Is there any alternative to rewards-based discipline?(10 Posts)
All the primary schools I have seen have a system of discipline that revolves around some variant of 'stay on green' - kids' names go on red for being bad, bronze for being supergood, and so on. In the few days I've had a child in reception he's already upset that his 'good' behaviour isn't being picked up on. I avoided reward charts and so on out of principle all through his early years, and to see it being used in such a pervasive way really grates. I worry he will lose all internal motivation - he can only see the point of clearing up (or whatever) if it gets him a sticker now. At nursery he did it because he was expected to and that's how I prefer it. Do any schools now not do this? Is the private system any different? Is it even worth discussing or raising the downsides of it? I find it so depressing - I know 30 kids is a huge challenge behaviourally, and rules must be rigid, but I feel like he's being dog-trained. Does anyone have any suggestions for how to cope/resist at home, without undermining the school?
We don't use reward charts, suns and clouds or traffic lights or any other variation.
High expectations and praise/thank you for good behaviour is reward enough
At our school children in Reception start the day on Mr Happy, put on Mr Sad if they get a warning about their behaviour and if they ignore that then they are put on Mr Angry.
The teacher did say that a reward system like yours results in 30 kids doing something good then rushing to an adult in the hope of getting recognition which is obviously not the point of such schemes.
I can see the point in trying to create internal motivation but what did you do when your child misbehaved? All the childrearing gurus I've come across seem to suggest children need to know there are consequences for actions...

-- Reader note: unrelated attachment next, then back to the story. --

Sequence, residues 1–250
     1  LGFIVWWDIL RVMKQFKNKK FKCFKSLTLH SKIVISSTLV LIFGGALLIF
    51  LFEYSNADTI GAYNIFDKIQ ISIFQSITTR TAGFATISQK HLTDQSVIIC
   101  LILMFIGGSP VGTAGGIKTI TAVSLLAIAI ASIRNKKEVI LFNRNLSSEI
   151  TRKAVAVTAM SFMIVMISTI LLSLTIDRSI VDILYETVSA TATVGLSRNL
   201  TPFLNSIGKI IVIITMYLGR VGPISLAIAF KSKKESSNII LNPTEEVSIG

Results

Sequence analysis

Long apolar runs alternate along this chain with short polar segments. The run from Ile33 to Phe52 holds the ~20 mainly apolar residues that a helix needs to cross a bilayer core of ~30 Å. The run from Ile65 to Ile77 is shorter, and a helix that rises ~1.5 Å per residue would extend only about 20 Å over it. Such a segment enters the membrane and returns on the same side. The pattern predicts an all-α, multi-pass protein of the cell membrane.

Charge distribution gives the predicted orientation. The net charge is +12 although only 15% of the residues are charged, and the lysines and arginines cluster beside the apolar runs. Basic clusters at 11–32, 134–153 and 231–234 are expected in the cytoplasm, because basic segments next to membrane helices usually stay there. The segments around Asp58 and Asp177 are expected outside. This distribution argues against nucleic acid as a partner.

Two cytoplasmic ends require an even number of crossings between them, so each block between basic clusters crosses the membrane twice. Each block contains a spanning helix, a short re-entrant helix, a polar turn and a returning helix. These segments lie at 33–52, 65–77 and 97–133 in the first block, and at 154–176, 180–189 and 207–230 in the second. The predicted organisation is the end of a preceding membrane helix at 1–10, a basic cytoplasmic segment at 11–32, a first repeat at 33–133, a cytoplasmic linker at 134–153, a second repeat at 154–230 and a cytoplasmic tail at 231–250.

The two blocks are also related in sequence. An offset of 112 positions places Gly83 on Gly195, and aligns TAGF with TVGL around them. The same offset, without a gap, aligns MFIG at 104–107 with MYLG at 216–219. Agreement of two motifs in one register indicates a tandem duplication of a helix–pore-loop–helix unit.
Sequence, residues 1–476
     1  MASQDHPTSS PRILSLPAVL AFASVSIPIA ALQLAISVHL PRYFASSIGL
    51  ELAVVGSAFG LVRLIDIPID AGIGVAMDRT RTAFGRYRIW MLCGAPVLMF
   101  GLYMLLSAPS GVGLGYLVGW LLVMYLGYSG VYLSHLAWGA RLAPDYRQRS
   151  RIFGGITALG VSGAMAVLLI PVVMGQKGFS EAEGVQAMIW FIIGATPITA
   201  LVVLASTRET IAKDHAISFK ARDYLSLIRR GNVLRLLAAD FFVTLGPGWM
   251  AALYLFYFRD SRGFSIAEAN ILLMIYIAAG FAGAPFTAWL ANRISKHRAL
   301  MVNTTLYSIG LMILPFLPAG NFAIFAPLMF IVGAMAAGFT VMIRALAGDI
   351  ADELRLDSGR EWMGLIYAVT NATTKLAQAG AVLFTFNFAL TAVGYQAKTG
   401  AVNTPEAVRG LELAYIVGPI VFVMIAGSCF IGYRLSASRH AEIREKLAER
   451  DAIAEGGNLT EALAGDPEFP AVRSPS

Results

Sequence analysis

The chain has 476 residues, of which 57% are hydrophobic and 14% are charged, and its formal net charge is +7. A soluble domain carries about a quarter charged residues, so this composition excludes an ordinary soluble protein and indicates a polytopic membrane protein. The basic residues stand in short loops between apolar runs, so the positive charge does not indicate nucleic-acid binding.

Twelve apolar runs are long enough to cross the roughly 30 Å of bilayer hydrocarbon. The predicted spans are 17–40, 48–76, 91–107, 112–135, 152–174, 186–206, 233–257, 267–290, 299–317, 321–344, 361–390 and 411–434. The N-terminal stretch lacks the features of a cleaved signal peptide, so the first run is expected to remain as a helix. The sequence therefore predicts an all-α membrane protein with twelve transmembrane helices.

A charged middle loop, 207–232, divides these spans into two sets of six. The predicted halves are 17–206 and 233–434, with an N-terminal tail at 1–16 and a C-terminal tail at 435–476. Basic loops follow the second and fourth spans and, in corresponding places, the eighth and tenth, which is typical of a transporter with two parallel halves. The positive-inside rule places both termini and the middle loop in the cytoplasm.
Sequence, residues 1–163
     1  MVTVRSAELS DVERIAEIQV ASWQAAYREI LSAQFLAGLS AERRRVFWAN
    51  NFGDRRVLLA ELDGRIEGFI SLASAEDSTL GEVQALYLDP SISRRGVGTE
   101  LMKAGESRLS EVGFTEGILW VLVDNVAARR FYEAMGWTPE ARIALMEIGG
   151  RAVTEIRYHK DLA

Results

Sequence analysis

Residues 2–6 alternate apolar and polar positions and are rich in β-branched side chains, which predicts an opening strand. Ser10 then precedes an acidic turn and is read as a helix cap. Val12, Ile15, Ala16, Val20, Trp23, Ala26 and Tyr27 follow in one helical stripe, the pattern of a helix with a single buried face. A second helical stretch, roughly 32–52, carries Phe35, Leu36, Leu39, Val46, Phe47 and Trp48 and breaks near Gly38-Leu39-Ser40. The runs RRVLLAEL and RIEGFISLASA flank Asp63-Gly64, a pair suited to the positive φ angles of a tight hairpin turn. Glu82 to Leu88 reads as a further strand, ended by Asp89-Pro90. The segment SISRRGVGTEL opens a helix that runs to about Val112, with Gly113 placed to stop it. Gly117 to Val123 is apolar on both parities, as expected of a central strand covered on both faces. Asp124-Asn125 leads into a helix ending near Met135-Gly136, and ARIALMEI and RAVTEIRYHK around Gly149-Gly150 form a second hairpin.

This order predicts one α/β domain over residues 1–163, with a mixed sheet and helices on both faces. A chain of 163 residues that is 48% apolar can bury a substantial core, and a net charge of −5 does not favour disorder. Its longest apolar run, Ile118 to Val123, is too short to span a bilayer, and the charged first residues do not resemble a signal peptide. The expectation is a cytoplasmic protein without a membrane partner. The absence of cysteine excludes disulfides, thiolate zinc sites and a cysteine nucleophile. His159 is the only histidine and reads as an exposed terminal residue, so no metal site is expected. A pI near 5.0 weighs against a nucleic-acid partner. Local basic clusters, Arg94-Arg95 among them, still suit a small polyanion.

Usually with these sorts of reward systems the good behaviour is emphasised as what is expected (and there's not always a sticker or reward involved) - if a child is on the bronze or red then there are usually consequences to it such as time taken off 'play time' at the end of the day or something like that. It's not necessarily a reward chart type of system, more a visual way of showing the children that there's a consequence to bad behaviour.
I'm slightly confused by what you're saying about your own child - if he is consistently behaving and doing what is asked of him (and this is what you've brought him up to do) then why is he upset at lack of recognition for his behaviour at school?
It's maybe worth chatting to the teacher to ask for clarification about the system?
Lots of well behaved children feel put out when the normally bad behaved get a reward for a good day when they are good all the time and it is just expected (without acknowledgement). Occasionally a normally well behaved child will play up for this reason
cockles - I don't think you have many options with this besides continuing with your own parenting style at home.
It is very unfortunate, but very very common, that school is doing this - but really there is nothing that you as a parent can do.
(Unless you become a school governor and raise this when discussing the school behaviour policy...)
Thanks, that's useful to know - sounds like it is common if not universal. It wasn't so obvious when we saw round the school - things change fast. Polk: he certainly isn't consistently well behaved at home and I expect he won't be at school either, but the obsessive stress on grading behaviour at such an early stage worries me. And I think it is pretty human for a five year old to be puzzled and upset when a reward scheme is hugely talked up, and then only a few randomly chosen children are rewarded. Do heads and teachers think about the long term consequences of this kind of system?
cockles - no, I don't think they do think about the long term consequences. I think they only care about the grades they're going to get at the end of the year
It all really backfires when the kids get to secondary school (if not before) because they're used to being rewarded for everything, and that gets harder and harder to do as the kids get older....
But the primary schools don't care about the impact on secondary school....
To be fair, I don't think most parents are overly concerned about the long-term consequences of their discipline methods either. Methods which get quick results are always popular and form the basis of most adults' toolkits for interacting with children.
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